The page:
BhararakyAs the state Legislature convened for the first day of the 2016 session, the man who has been chiefly responsible for changing its leadership — and striking a chord of fear in lawmakers’ in the process — was in Kentucky.

There, before state lawmakers in the Bluegrass State, U.S. Attorney Preet Bharara was urging them to not follow their counterpart’s example in New York.

“What has been going on in New York government of late is simultaneously heart-breaking, head-scratching and comic,” he said. “This is a moment that calls for more than talk because there has been a lot of enabling of corruption up there. I hate to say it, but it’s true.”

The prosecutor, who in back-to-back cases won the convictions of former Speaker Sheldon Silver and the ex-Senate majority leader, Dean Skelos, called on lawmakers to, in essence, provide a dose of peer pressure.

“It’s not for me to really lecture a room full of elected leaders, a subpoena-wielding prosecutor from up north,” Bharara said. “You know your oath, you know your duty, you know your privileged position. I just have a fairly simply point to make this morning: If you want to prevent corruption, don’t enable it. If you want to deter corrupt members, don’t become their willing accomplices.”

He added: “It is not just the corrupt actors that bear responsibility, but every enabler too.”

Bharara’s remarks in Kentucky come after what he described as a “season of prosecutions” and a “political corruption extravaganza” at the state Capitol in Albany.

He quoted transcripts from the Skelos case, in which his son Adam Skelos complained that it was like “f-ing Preet Bharara is listening to every phone call.”

“Well, we were listening to that call, too — as it turned out,” Bharara quipped.

New York’s state government “has been marked by regular bribery, rampant kickback and rancid culture.”

“This never gets quoted in New York when I talk about corruption: There are countless honorable and ethical people serving in elected office and in every other political body in the country,” he said.

But Bharara reserved the majority of his scorn in his address for state lawmakers who have derided his prosecutorial efforts as an effort to paint state lawmakers with a broad brush of corruption.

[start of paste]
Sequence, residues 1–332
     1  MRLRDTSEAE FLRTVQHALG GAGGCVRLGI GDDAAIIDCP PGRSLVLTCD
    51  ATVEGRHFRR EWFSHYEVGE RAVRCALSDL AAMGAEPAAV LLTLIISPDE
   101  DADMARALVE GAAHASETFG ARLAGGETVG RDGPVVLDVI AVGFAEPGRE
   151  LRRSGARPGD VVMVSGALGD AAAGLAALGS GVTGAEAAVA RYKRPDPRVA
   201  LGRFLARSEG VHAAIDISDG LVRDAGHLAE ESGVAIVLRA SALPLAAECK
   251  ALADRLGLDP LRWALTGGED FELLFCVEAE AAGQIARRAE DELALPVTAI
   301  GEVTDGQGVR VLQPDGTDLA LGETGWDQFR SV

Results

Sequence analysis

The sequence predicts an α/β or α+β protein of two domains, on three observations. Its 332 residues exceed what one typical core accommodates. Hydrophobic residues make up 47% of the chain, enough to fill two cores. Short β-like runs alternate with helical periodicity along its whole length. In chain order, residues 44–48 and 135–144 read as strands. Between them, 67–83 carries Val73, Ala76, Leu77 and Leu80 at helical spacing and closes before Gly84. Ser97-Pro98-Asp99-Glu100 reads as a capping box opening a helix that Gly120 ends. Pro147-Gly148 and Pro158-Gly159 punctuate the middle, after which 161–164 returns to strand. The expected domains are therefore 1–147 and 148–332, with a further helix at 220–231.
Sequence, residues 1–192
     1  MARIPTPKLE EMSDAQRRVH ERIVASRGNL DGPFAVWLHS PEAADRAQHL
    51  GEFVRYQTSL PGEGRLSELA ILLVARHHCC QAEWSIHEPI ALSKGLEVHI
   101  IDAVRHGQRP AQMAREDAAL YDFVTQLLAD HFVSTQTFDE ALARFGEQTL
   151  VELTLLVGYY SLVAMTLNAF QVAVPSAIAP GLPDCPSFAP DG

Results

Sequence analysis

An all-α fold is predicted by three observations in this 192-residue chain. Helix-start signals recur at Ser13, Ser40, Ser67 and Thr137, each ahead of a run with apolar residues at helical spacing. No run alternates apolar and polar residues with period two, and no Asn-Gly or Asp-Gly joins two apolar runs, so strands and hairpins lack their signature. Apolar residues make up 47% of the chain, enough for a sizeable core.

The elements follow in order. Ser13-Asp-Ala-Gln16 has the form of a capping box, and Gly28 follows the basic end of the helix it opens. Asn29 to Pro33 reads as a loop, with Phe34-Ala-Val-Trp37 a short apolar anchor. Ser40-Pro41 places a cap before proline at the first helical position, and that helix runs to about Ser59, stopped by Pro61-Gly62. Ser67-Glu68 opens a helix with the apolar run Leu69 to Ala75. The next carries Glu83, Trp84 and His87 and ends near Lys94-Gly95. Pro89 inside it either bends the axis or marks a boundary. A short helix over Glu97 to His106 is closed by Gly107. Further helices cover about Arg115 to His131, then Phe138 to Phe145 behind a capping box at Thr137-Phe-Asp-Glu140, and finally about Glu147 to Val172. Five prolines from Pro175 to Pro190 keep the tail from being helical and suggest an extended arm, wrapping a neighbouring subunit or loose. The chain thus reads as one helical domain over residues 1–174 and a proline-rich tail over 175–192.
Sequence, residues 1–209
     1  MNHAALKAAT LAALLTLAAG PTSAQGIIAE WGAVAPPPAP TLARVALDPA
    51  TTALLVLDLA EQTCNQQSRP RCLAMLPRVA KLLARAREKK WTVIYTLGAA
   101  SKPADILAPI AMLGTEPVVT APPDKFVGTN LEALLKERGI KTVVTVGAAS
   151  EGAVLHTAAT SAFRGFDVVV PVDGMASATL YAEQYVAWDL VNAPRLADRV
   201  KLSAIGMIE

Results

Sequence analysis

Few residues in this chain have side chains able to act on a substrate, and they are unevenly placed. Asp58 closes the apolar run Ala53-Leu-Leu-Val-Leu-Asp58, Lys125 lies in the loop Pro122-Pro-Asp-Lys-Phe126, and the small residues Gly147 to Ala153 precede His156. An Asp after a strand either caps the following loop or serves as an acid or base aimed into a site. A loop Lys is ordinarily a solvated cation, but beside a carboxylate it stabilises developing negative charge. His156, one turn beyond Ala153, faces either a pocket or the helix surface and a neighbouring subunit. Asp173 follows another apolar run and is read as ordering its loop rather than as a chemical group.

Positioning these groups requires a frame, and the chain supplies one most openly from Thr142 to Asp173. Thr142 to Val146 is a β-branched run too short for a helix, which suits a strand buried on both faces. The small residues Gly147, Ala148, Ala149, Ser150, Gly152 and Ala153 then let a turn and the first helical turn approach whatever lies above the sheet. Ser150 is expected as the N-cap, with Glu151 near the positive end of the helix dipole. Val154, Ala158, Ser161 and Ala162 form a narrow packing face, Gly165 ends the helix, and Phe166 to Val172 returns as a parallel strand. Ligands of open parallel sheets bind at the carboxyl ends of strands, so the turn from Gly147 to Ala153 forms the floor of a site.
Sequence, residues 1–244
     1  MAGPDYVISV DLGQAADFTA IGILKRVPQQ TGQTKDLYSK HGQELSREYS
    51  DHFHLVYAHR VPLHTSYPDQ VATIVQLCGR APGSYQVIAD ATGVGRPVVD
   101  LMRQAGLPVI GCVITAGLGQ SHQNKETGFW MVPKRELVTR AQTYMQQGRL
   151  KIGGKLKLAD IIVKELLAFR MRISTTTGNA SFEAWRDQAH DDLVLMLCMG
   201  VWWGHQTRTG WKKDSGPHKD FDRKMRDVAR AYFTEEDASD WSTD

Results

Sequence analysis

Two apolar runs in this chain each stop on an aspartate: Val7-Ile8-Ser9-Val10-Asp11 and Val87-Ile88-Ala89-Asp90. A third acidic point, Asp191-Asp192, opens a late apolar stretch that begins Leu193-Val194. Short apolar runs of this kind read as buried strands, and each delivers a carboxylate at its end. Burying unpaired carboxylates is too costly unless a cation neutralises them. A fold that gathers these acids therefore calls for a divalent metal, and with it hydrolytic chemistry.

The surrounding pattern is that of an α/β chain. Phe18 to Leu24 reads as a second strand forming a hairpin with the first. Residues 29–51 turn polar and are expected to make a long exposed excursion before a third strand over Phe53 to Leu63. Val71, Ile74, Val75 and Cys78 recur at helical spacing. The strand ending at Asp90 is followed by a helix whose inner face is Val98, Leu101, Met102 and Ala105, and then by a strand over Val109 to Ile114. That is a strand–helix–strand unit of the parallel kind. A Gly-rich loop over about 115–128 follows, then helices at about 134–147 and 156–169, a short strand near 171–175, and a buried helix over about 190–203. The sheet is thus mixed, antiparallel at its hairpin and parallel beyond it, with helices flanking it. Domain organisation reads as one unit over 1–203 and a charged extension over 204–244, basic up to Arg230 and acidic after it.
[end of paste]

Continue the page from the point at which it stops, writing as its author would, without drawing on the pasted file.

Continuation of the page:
“Blaming the prosecutors is not leadership,” Bharara said. “Kicking the can is not leadership. Accepting lies and half-truths is not leadership. Making excuses is not leadership. Whining is not leadership.”

Those who have criticized him are akin to “blaming firefighters for the fire.”

Lawmakers were non-committal and non-specific on what ethics reforms may be taken up in the new legislative session, which runs through June.

Good-government reform groups — NYPIRG, Common Cause and Citizens Union — rolled out a platform for reform, asking lawmakers sign a pledge committing to closing the LLC loophole in campaign finance law, limiting what lawmakers can earn outside of government work and expanding transparency measures.

“Albany has its Watergate moment now,” said NYPIRG’s Blair Horner.

Still, it remains to be seen what state lawmakers will or won’t do this session following 2015 being upended by the arrests of their top leadership.

“Make no mistake – over the coming weeks, discussions around proposals on ethics will be a priority of this house,” said Assembly Speaker Carl Heastie. “The Assembly is serious about ethics reform and we know that words are not enough.”

Senate Majority Leader John Flanagan, meanwhile, pointing measures the Republican-led chamber has already approved.

“We should not apologize for the fact that we have chosen a noble profession for being involved in public service,” Flanagan said in his opening remarks of the session, “and I think we need to stand up for the traditions of the Senate in particular and speak proudly about this institution and the good things we actually do.”

Bharara, however, doesn’t appear to be in a mood to wait.

“This is a moment that calls for more than talk because there has been a lot of enabling of corruption up there,” Bharara said. “I hate to say it, but it’s true.”

WATCH Bharara’s entire speech here.